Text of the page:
Finding a partner was no easy task! Ethan Walker was up for it, a solid trad climber, and with loads of hard sport climbing up to 8c+ he is more than qualified and a fun dude to hang with. That’s important! And then literally at the last minute while I was chatting to film maker Ben Pritchard about something totally different, I mentioned this route, he saw the pics, and was instantly psyched! But I must put in a big shout for Riky Felderer, owner of the awesome Lemon House BnB which is perfect for climbers. He was the belayer and photographer of Huber on La Bavarese. He totally sorted us out with a place to stay (good rates), gave us the beta, loaned ropes, quickdraws… I reckon he’d have even carried in all the kit too if he hadn’t injured his leg.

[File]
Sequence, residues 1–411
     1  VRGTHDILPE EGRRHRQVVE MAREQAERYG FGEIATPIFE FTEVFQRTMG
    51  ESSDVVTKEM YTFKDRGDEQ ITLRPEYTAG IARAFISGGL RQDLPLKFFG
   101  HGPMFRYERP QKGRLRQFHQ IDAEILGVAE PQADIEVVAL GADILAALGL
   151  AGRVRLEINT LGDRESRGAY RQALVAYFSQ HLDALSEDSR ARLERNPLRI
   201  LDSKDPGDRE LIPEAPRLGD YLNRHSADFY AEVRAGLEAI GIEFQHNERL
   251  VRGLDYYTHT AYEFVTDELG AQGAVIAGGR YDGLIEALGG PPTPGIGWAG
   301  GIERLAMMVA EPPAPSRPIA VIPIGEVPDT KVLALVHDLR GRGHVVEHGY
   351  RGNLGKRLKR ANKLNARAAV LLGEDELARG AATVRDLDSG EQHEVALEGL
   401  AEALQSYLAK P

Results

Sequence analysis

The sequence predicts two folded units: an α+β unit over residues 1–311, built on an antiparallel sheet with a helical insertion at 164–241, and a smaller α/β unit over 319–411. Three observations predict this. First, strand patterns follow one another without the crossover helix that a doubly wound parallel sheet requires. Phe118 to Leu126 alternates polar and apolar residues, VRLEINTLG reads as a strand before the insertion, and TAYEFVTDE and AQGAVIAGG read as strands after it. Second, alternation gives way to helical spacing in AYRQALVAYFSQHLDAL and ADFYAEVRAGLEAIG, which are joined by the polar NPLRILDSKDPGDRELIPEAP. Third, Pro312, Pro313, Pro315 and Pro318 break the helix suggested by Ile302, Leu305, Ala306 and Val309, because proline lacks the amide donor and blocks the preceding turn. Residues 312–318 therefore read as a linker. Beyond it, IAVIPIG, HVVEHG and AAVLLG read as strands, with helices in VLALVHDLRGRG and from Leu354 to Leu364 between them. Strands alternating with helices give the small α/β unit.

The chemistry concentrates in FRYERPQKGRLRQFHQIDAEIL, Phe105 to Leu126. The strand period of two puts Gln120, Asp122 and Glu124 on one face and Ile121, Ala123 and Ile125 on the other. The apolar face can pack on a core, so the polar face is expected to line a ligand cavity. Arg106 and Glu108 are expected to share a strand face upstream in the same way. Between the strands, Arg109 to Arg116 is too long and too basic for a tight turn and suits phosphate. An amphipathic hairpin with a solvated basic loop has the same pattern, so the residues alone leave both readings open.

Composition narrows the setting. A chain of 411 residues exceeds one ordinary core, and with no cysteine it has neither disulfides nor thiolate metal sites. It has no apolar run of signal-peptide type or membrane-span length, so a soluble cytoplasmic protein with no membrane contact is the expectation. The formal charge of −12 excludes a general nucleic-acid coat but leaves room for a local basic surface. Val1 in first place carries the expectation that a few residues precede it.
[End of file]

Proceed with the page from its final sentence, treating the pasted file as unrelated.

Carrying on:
The addition of filming changes the game considerably. On the plus side you get to have a nice reminder of your efforts when you are old and grey (in my case, that’s now), and other people can also watch and laugh at you when you look silly (plus side?). On the negative there is way more kit to lug around, and the film guy will want his rope put up in various awkward places. It’s a bonus if the camera man can just lob a rope down from the top, but in this case that was completely impossible, meaning someone (i.e. me) would have to lead up trailing a big fat static to secure to the belay anchor. Actually, that was also a good thing, in a way (not so much the static), as it took all the decision making out of whether it might be worth trying to onsight every pitch. I’d not stand a chance with a heap of rope dangling behind me, and anyway if I did try onsighting, Ben would only be able to get bum shots from below leading to a very poor film indeed!